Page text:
Starting down in Florida, Sea Grant is creating a network of citizen scientists to test water samples for microplastics and using that information to educate Floridians about plastic debris. 

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The Truth About Garbage Patches

Posted Mon, 04/18/2016 - 10:50

Although most people picture a floating mass of debris when they think of a “garbage patch,” that’s actually pretty inaccurate. Let’s set the record straight and get to the truth about garbage patches.

First off, garbage patches have been wildly misrepresented in the media in the past, causing confusion on the subject and leading many to believe that there is a large “island of trash” in the Pacific Ocean—at least the size of Texas!— that you can walk around on. This is extremely far from reality.

To start, when people talk about “the garbage patch,” they are usually referring to the Great Pacific Garbage Patch in the Pacific Ocean—one of many garbage patches located throughout our global ocean. These garbage patches are formed as a result of rotating ocean currents called “gyres,” which pull debris into their center, creating areas with higher concentrations of marine debris.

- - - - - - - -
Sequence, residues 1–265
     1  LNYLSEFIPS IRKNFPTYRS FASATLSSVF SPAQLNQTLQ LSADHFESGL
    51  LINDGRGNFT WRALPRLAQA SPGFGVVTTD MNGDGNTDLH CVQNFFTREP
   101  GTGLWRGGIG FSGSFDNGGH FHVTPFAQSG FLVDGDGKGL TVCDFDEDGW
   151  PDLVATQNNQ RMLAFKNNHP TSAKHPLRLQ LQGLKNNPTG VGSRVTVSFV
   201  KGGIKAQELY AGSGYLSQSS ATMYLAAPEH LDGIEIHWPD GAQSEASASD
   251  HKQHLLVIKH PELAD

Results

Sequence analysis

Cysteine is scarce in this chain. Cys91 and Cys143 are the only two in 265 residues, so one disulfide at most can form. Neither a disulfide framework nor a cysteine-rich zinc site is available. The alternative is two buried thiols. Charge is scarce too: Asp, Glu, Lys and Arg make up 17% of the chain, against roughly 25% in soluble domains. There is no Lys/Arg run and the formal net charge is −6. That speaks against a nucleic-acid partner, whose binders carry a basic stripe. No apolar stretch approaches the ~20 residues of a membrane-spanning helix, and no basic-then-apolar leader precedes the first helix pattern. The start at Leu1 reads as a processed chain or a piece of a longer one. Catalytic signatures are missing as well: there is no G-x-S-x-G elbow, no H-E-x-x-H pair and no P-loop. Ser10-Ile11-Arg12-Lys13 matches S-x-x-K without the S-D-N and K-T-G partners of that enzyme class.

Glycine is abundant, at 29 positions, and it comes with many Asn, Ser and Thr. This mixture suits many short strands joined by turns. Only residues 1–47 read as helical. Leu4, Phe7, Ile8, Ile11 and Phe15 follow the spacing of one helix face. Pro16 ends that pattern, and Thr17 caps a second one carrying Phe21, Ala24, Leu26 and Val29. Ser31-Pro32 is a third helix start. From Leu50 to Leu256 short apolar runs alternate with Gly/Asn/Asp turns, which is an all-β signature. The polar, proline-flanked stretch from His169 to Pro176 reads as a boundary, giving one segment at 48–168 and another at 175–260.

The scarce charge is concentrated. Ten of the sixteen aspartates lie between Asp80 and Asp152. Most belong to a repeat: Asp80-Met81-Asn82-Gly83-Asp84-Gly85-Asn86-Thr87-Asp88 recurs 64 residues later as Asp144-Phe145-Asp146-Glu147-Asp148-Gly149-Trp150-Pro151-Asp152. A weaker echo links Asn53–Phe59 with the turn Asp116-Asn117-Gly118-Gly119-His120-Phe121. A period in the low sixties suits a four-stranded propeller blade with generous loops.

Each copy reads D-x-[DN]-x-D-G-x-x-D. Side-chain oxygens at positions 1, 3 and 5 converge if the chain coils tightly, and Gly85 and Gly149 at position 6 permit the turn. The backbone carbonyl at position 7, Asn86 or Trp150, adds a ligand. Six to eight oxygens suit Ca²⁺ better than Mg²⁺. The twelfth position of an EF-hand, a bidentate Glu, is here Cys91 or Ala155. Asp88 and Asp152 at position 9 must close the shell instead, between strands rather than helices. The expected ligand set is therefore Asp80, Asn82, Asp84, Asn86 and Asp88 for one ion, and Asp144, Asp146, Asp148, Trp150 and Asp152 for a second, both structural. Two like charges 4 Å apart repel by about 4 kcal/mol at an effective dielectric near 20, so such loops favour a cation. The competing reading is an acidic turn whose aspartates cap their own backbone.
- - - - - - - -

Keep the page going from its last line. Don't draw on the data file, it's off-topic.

NOAA’s 2016 Northwestern Hawaiian Islands Removal Mission Sets Sail

Posted Thu, 04/14/2016 - 12:45

Every year, multiple NOAA offices collaborate to support a marine debris removal effort in the Papahānaumokuākea Marine National Monument (PMNM), located in the remote and mostly uninhabited Northwestern Hawaiian Islands. Due to the PMNM’s location in relation to the North Pacific Gyre and ocean currents, this area is often highly afflicted with marine debris and these efforts are greatly needed. This year, the NOAA Pacific Islands Fisheries Science Center (PIFSC) Coral Reef Ecosystem Program of the National Marine Fisheries Service (NMFS), the NOAA Marine Debris Program, and the Papahānaumokuākea Marine National Monument of the Office of National Marine Sanctuaries have organized and supported an effort to clean Midway, Kure, and Pearl and Hermes Atolls, Lisianski and Laysan Islands, and the French Frigate Shoals. The 2016 mission launched on Tuesday, April 12th, and will work to remove marine debris for a month, until the mission ends on May 13th